I was catching up this week with my good friend and longtime New York City entrepreneur and investor Owen Davis after speaking to his start-ups class at Columbia Business School. We were pondering Amazon-like vertical integration as a business strategy for today’s tech companies.
Should payment processors like Square and Stripe become commercial banks, just as cap table tools manager Carta is launching a secondary market for private company stocks of the companies using its equity management tools? Are we at a moment where the “Great Unbundling,” heralded to us a decade ago by noted venture capitalist Fred Wilson of Union Square Ventures, is about to reverse itself and swing like a pendulum the other direction and become the “Great Rebundling”?
There is no question that the unbundling of products and services was one of the biggest mega-trends of the last decade. Digital transformation has enabled the a la carte sale and delivery of so many products that were historically packaged in bundles. Music had its albums and CDs until Apple’s iPod and iTunes.
Education has historically been a monopoly of brick-and-institutions. Now, we have online universities selling courses one at a time competing with powerful online learning companies like Babbel, Duolingo, Coursera and Skillshare that also sell one course or a skill at a time. Netflix enabled us to buy a stand-alone HBO-like video entertainment service without having to subscribe to a cable or satellite channel bundle -- and then became much, much more than HBO ever was.
We are already seeing some rebundling. Spotify, Soundcloud and Apple all now offer bundled music subscription services combining massive libraries of songs. And Amazon Prime rebundles just about everything you can imagine to get you to sign up for free shipping.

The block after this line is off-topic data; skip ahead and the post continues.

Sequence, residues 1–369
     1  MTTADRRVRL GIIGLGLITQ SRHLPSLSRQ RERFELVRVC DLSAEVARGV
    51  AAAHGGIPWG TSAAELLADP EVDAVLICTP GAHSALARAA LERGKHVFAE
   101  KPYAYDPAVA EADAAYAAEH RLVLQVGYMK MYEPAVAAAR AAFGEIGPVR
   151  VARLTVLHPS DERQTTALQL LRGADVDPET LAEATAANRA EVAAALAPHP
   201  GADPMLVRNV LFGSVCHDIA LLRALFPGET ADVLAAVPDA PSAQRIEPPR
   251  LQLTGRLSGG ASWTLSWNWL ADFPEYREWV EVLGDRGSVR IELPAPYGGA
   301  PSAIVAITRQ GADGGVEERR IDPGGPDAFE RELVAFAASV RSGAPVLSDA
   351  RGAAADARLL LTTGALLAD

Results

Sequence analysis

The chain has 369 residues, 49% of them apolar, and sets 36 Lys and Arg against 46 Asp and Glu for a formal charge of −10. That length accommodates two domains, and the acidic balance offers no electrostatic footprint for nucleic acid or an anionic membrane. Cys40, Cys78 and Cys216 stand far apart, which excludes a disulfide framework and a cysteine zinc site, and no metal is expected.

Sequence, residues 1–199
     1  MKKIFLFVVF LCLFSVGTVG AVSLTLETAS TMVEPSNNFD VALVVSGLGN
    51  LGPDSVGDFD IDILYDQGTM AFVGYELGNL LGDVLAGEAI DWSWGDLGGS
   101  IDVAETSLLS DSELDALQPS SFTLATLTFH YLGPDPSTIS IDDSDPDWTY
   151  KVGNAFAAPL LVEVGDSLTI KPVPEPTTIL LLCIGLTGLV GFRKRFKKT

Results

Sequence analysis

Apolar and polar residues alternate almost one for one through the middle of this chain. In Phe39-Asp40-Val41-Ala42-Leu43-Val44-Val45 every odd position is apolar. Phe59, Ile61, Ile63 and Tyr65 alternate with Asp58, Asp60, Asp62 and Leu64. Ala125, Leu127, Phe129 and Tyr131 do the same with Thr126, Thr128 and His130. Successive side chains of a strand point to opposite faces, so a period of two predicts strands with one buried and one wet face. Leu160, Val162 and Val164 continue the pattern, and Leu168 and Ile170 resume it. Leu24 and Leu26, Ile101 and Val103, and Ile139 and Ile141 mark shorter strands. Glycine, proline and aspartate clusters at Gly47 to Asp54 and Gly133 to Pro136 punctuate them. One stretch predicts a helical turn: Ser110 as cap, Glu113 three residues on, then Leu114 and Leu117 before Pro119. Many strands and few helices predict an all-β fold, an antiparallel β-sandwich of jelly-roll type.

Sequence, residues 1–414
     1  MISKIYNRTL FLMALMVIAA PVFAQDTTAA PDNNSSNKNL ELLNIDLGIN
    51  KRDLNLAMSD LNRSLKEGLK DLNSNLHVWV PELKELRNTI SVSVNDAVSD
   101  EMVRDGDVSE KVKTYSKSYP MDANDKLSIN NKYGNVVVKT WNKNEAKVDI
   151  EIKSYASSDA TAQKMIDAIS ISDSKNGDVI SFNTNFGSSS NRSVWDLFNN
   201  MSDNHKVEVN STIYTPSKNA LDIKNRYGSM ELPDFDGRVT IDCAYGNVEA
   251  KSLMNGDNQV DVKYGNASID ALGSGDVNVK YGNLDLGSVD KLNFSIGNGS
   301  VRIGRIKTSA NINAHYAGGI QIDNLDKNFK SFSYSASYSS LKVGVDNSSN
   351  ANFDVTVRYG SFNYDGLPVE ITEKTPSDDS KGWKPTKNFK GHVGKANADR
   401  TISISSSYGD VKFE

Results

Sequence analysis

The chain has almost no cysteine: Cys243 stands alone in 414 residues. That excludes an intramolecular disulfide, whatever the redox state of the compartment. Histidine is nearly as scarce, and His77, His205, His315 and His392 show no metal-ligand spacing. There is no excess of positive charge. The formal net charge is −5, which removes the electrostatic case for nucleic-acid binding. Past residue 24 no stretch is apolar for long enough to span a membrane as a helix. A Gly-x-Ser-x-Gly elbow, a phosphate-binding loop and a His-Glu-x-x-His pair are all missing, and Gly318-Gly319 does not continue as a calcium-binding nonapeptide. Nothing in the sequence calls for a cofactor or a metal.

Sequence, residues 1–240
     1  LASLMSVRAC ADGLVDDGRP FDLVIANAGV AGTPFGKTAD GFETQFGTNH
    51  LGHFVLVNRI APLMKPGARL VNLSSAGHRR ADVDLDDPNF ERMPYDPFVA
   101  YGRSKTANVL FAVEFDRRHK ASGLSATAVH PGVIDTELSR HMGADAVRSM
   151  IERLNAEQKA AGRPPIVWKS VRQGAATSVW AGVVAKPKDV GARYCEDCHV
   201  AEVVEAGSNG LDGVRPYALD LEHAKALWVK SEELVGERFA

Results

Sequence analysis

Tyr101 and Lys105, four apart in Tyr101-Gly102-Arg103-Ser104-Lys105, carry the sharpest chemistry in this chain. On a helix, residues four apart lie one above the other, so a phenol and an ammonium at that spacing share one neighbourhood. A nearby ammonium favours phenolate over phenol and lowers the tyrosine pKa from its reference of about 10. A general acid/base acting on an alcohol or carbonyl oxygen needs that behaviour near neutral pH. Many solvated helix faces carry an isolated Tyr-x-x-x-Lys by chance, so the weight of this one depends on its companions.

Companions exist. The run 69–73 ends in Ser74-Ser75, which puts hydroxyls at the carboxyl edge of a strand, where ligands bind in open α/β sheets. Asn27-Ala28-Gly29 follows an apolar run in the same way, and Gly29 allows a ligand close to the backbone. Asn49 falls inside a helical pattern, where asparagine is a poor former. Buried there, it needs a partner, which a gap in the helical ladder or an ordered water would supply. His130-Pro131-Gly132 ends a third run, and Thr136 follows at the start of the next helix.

What’s next? Trying to answer that question is where Owen and I brainstormed most, and we focused on the online sale of physical goods. Clearly, Amazon has demonstrated extraordinary leadership, building maybe the most powerful logistics company in the world today.
Who will be next to try to tame -- or own -- deliver-to-the-doorstep logistics, and combine it with online selling?
Should Walmart (market value at just under $400 billion) buy FedEx (market value just under $70 billion)? It would immediately make Walmart a top player in global logistics and delivery, and the company cultures are quite similar.
But wait, wouldn’t Shopify (market value of $170 billion) be a better owner of FedEx? Now, instead of super-serving one retail owner in addition to FedEx’s existing customer base, it would have as customers the hundreds of thousands of merchants using Shopify’s platform and services, all of whom are used to paying premium pricing for delivery, since most aren’t massive businesses on their own.
A Shopify/FedEx combination could deliver Walmart-scale pricing advantages for delivery, a huge advantage for the hundreds of millions of consumers who regularly buy on Shopify’s platform -- a big win for consumers beyond what a Walmart/FedEx combo could deliver.
I think we are on the cusp of the Great Rebundling, and that it will be driven and rewarded by those that are consumer-led, not by those who do it for cost savings or diversification. What do you think?